Friday, July 27, 2012

"And the cat's in the cradle and the silver spoon." Song lyrics

This is a gentle story that is partially a coming of age and partly about interpersonal relationships. It is the story of Elaine Risley.

Elaine is an artist who returns to Toronto for a introspective of her work. Her art work is based on her life -experiences so in learning about her life, we have an idea of what is behind her art.

The story is divided into parts with flashbacks into Elaine's childhood. Early on, she remembers growing up and constantly moving due to her father's position as a forest insect field researcher. Things stabilize when he gets a job as a college professor.

During the early days, her only companion and playmate was her older brother, Stephen. She longed for having friends of her own. Then, when the family settled in Toronto, she becomes friends with three girls.

Cordelia dominates the group. She's demanding and often cruel but the little girls accept her. Elaine is vulnerable,  too fearful of speaking her mind and goes along with whatever Cordelia demands. Eventually, Elaine takes a stand, only to fall back into Cordelia's control.

One of the other girls is Grace Smeath. Elaine is often invited to the Smeath household for playtime or dinner. They have unusual rules such as the number of tissues it is permitted to use after going to the toilet. Mrs. Smeath is one of  Elaine's favorite subjects in her art. In one of them, Mrs. Smeath is covered by tissues. In one of Elaine's shows, a woman enters the building and starts shouting about Elaine's art. Elaine thought this might be Grace Smeath but it just turned out to be a deranged woman.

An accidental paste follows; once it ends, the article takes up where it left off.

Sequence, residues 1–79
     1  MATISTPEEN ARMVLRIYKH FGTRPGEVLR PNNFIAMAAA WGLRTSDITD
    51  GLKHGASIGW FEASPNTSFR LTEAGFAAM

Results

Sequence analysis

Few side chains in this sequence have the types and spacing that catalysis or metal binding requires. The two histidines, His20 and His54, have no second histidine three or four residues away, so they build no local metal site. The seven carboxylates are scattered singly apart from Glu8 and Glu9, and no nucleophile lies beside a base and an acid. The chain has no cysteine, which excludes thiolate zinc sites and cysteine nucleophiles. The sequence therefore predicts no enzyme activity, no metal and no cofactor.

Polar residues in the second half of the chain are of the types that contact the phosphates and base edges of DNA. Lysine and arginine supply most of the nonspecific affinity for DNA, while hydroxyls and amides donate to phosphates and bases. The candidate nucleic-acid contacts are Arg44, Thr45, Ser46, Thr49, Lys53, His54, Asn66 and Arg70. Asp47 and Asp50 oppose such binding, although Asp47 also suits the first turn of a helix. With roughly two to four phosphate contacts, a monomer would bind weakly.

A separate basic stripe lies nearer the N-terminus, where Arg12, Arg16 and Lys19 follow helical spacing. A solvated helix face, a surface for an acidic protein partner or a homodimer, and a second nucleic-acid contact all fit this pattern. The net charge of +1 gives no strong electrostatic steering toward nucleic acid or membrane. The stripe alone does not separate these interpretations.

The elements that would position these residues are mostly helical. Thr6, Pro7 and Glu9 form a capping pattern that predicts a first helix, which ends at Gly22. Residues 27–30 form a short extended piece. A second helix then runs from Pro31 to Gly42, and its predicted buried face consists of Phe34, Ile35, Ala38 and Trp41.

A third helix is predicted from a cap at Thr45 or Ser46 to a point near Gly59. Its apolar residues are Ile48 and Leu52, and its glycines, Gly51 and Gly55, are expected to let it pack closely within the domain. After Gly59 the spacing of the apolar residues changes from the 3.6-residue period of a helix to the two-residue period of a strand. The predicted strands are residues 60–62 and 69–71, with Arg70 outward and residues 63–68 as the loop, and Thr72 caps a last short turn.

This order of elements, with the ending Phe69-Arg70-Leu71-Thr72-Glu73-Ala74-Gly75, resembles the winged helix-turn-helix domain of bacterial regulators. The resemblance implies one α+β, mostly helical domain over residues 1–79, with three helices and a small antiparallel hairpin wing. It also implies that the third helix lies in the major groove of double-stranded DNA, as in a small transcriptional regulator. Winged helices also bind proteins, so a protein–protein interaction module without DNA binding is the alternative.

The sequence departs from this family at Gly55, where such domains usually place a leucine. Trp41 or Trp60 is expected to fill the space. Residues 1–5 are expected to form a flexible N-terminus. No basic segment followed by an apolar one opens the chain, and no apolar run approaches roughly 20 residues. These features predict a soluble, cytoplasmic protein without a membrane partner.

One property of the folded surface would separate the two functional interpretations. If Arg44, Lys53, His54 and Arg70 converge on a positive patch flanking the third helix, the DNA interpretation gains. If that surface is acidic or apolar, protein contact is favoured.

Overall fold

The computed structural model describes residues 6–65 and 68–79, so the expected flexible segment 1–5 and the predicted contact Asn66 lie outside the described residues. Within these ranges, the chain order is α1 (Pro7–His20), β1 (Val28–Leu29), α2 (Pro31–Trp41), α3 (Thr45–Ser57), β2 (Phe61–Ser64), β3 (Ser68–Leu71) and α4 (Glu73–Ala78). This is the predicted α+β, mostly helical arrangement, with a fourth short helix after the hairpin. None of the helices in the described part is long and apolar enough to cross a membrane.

Elaine becomes fascinated with women's issues and attends women only functions. She has a deep interest in the Virgin Mary and many of her art pieces are based on the Virgin Mary.

We learn of Elaine through her thoughts, her friendships, and interests. Her first art teacher also became her lover and this developed some of Elaine's feelings. Her husband Jon was a person who thought of himself first. He was also an artist but when Elaine's work surpassed his, his petty jealousy was easy to see.

This is a book that women might read and feel exhilarated in Elaine's success in coming out of her shell and becoming a success as an artist. Men might read this to understand women a little better.


Heather said...

I haven't read this one yet, though Ms. Atwood does have a large number of books published so it will take me a while to get to them all.

Jonathan Wilhoit said...

Margaret Atwoid is a phenomal author. Haven't read this one, so thanks for reviewing it!


Deb said...

When I read this book (admittedly some time ago) I found I focused more on the dangerous things Cordelia bullies the others into doing and how the complicated dynamics of childhood friendships play out into adulthood.

Michael Draper said...

This was my second reading of this book and I read it in a more liesurly fashion, taking in all of the literary excellence and character development. I enjoyed it much more than I remember I had.

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